Spar believes that the inequality is caused by the fact that “the university experience is still an unequal one” and “our higher-education system, for better and for worse, is not designed to focus on the economic consequences of our students’ years on campus.”
Spar states another source of inequality stems from women’s tendencies to “enroll in different kinds of classes, tend to major in less rigorous subjects, and generally head off with less ambitious plans.”
Snow or shine, the show must go on.
From Feb. 7 to Feb. 10, women filmmakers from around the city trudged through a Nemo-induced snowfall to Barnard College to take part in the Athena Film Festival. The Eye went behind the scenes to hear some of what these women had to say to fledgling female film artists, looking to make it in an industry that remains heavily male-dominated.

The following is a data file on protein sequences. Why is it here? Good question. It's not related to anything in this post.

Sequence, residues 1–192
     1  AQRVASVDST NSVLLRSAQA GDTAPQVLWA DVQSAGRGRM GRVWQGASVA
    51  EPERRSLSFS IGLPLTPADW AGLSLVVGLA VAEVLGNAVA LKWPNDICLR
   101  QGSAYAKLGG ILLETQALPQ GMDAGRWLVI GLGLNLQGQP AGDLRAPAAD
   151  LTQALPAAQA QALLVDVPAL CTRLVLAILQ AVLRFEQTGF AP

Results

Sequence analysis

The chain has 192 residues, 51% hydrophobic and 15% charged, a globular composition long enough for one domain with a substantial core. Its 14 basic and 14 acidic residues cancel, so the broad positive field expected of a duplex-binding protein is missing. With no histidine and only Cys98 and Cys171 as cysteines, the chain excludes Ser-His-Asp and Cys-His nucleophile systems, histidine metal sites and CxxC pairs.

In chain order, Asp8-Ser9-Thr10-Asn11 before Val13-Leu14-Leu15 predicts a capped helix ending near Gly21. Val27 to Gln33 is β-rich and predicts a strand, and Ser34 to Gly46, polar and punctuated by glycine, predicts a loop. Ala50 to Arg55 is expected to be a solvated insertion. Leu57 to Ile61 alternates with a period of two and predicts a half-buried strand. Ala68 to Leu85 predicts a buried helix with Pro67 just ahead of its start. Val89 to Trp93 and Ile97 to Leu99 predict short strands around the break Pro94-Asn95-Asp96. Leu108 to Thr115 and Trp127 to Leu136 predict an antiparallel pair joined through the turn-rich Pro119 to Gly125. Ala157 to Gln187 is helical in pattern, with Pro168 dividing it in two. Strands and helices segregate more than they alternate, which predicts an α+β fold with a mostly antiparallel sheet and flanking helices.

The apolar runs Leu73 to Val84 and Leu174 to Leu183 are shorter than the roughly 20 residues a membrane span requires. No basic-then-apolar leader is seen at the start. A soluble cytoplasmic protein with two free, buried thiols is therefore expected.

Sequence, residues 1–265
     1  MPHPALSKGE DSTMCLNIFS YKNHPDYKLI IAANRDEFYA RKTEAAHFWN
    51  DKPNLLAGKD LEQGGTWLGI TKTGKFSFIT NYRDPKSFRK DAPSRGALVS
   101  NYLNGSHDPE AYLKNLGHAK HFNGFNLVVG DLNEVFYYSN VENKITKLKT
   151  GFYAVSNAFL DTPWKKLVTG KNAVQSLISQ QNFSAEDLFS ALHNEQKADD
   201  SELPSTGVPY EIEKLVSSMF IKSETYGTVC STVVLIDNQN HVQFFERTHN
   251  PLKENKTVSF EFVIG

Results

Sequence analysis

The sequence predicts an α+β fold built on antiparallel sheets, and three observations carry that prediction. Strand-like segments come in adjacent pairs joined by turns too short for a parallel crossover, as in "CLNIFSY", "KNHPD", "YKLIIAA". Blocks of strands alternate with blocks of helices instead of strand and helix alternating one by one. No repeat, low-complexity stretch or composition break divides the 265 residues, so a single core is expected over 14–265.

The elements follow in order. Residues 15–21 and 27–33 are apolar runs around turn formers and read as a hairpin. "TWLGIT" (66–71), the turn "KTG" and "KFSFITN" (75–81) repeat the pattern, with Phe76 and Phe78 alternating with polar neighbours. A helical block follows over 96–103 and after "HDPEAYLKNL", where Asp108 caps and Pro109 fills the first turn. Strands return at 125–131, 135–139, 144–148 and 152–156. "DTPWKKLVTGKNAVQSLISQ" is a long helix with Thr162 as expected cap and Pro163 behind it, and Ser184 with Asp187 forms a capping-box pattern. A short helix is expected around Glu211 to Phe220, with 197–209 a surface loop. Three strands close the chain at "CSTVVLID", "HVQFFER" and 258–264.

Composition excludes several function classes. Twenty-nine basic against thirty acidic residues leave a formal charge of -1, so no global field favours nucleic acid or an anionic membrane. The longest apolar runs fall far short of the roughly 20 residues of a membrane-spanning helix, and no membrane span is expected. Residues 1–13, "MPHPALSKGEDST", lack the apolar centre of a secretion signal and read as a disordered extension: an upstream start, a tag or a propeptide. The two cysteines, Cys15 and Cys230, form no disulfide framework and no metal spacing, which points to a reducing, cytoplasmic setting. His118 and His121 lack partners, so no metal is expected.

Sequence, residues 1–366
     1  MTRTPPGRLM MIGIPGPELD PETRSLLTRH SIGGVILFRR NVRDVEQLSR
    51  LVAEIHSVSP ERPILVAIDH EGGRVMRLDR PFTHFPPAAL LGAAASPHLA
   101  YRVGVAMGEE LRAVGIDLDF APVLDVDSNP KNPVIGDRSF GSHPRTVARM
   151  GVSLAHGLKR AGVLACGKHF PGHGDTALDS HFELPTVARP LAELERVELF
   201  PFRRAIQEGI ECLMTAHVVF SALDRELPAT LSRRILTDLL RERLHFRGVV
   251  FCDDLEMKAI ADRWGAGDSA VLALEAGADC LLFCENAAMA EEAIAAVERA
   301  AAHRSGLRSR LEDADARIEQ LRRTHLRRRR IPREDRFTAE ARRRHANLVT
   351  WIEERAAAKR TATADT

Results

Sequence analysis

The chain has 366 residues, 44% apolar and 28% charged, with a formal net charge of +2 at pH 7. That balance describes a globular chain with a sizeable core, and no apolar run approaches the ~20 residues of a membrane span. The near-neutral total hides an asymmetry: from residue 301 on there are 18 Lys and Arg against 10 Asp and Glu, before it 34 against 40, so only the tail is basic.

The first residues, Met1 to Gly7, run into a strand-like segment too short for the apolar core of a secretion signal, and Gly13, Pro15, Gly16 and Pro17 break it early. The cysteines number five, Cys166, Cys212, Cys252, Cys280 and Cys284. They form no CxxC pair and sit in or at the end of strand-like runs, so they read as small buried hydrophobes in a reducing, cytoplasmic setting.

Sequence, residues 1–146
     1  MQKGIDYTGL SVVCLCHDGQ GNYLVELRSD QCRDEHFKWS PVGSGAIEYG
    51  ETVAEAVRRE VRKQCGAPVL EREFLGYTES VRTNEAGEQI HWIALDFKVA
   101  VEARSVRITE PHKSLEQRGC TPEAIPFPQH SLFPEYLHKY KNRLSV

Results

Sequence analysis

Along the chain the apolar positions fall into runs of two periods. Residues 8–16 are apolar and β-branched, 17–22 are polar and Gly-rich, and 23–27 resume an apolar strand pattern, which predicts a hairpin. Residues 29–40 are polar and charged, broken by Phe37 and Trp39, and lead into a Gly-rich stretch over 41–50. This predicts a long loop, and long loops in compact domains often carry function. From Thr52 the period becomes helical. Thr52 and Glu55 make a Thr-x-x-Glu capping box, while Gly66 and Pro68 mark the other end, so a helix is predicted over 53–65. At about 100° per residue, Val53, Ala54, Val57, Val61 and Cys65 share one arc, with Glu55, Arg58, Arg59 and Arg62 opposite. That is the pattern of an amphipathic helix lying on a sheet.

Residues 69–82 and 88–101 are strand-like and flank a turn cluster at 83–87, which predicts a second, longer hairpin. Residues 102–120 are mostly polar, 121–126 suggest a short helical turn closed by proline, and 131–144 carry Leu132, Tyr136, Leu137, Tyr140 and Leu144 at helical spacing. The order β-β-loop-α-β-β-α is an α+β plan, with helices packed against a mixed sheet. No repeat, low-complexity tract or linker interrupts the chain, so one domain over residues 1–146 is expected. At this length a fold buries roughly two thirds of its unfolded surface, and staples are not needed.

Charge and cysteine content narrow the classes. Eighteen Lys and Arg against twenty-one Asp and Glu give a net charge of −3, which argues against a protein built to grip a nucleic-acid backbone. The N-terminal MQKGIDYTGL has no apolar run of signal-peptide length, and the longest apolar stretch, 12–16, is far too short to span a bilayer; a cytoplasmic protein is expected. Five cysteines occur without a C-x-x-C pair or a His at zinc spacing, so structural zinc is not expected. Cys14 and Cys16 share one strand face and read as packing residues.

For more about how things stand for women in film, read this week’s issue of The Eye!
Mr. Speaker, Mr. Vice President, members of Congress, fellow Americans—51 years ago, John F. Kennedy declared, “It is my task to report the state of the union. To improve it is the task of us all.” Tonight, thanks to the grit and determination of the Columbian people, there is much progress to report.
Thursday was Valentine’s Day, and we got gifts from our lovers and the CU GOP.
Being a female film buff can be kind of upsetting. For example, it’s often illogically assumed that you couldn’t possibly be into blockbusters like this winter’s Django Unchained, because of, like, blood and stuff.
Fortunately, this issue doesn’t always go unaddressed. This past weekend, Barnard hosted the third annual Athena Film Festival, dedicated to showcasing films pertaining to women and leadership. One of these films was “Wonder Women! The Untold Story of American Superheroines.”